A recent announcement by the Australian Tax Office (ATO) may see an increase in requests for salary sacrificing of superannuation contributions, particularly for employees soon to retire.

The strategy can be illustrated by the following example:

  • 64 year old Harry decides he wants to retire on 30 June 2014. After talking to his financial adviser, Harry makes arrangements commencing in January 2014 to sacrifice part of his salary so that in effect employer contributions totalling $35,000 will be made for the period up to 31 March 2014. These will be paid into Harry’s self managed superannuation fund (SMSF). Then in the last quarter of the year he has arranged for further amounts to be sacrificed (including employer contributions) totalling another $35,000, with the contribution being made in June 2014 to his SMSF. The trustee of the SMSF allocates the $35,000 received earlier in the year to Harry’s member account at that time, and the remaining $35,000 received in June goes into an unallocated contributions account. Then on 2 July 2014 the trustee allocates the second $35,000 to Harry’s member account.
  • The employer receives a deduction for the full contribution ($70,000) in the 2013/14 financial year. The full contribution is included in the SMSF’s assessable income in that same financial year.
  • A $35,000 contribution is included in Harry’s concessional contributions for the 2013/14 financial year, and a further $35,000 contribution is included in his concessional contributions for the 2014/15 financial year.

The upshot is:

  • Harry has sacrificed 2 years worth of contributions in the same year – the so-called “double dipping”.
  • The SMSF has included 2 years worth of contributions in its assessable income.
  • Harry has not breached his $35,000 concessional contribution cap in the 2013/14 financial year and, provided no further concessional contributions are made and allocated to Harry in the 2014/15 financial year, he will not breach his concessional contribution cap for that year. There should be no issue with this as Harry is retiring on 30 June 2014.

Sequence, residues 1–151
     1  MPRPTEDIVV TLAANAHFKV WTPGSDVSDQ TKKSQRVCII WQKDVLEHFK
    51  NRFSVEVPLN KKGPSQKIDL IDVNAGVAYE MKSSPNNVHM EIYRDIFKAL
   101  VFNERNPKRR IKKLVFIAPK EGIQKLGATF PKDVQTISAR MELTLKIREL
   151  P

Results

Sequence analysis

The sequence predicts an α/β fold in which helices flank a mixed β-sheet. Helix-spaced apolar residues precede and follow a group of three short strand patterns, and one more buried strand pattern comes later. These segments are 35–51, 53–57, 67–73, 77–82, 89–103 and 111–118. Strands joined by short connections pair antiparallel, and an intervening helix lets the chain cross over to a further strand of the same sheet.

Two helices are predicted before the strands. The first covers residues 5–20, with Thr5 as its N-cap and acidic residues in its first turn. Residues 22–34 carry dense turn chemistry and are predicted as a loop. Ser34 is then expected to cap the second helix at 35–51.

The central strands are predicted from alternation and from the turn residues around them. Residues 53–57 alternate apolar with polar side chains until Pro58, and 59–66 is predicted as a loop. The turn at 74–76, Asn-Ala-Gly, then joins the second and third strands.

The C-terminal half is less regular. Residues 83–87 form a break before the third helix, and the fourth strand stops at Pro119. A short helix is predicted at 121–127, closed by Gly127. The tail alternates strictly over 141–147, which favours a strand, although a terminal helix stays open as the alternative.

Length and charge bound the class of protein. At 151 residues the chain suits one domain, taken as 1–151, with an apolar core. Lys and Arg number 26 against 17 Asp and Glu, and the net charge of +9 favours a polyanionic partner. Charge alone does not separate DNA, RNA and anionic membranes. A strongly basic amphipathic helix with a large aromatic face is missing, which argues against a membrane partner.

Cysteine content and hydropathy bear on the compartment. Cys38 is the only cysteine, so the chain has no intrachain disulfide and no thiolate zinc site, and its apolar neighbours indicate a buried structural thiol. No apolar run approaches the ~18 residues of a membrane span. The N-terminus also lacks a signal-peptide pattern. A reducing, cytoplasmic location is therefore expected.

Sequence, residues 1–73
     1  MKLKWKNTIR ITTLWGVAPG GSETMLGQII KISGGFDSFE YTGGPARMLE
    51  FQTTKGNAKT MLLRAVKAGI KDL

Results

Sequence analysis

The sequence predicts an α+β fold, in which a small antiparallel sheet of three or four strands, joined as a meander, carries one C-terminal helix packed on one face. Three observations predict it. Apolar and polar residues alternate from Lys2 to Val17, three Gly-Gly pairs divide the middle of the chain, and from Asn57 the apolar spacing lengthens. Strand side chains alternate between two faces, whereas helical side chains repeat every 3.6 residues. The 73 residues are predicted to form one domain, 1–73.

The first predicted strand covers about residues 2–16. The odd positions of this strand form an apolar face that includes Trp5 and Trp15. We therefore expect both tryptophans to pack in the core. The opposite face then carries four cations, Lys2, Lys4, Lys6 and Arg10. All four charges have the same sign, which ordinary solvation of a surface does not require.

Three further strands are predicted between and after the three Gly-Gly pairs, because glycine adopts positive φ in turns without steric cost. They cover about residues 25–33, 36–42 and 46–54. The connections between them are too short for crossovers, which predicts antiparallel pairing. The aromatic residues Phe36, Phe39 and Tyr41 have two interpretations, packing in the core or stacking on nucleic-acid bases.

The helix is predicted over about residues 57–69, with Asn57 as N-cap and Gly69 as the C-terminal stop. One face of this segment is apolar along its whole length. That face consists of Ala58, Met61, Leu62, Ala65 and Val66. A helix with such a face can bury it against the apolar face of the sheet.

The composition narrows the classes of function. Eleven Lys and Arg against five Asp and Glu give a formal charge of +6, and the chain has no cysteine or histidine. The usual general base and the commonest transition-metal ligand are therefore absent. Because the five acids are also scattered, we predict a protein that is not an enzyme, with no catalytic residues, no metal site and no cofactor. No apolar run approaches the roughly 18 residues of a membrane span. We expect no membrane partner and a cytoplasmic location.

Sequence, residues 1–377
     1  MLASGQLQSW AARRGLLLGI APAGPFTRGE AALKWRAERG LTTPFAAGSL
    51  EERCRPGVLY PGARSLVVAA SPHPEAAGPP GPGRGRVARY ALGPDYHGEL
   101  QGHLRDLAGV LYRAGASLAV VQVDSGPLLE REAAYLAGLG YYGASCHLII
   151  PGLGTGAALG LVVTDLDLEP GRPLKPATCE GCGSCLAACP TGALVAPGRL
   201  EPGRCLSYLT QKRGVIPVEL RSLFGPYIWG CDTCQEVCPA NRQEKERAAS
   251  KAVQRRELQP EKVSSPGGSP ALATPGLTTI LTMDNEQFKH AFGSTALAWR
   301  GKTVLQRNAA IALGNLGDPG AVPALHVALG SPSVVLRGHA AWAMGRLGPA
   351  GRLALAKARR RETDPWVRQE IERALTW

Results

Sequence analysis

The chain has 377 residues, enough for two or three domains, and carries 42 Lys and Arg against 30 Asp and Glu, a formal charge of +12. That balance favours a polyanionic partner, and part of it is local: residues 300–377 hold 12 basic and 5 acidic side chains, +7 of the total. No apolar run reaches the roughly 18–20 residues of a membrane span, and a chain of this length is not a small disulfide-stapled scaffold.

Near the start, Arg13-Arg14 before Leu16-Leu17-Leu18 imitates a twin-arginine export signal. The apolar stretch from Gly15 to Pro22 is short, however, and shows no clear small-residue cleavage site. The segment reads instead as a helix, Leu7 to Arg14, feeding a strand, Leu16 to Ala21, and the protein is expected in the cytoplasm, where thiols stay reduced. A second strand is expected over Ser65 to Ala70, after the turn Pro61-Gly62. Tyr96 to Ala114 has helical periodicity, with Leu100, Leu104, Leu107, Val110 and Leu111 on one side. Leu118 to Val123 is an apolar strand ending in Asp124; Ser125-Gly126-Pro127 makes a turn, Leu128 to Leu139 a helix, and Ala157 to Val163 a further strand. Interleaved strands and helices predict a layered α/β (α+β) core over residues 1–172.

When adopting this strategy it is important to bear in mind the following:

  • The ATO announcement only applies from 1 July 2013.
  • The strategy relies on the acceptance by the ATO that contributions made to a fund during a particular month need not be immediately allocated to the member, but can be allocated up to 28 days from the end of the month in  which the contribution was made. Consequently, as illustrated in the example,  it  is  important  that  the contributions to be allocated to the following financial year be made no earlier than June of the current year.
  • There are other aspects that the employee/member will need to ensure are met, including having an SMSF or other fund that will allow for this strategy. There is also a question as to whether this strategy is available where the SMSF has only one member. These are matters for the employee to consider.
  • This strategy is far less effective for employees whose employment will continue (and for whom contributions will be made) in subsequent financial years.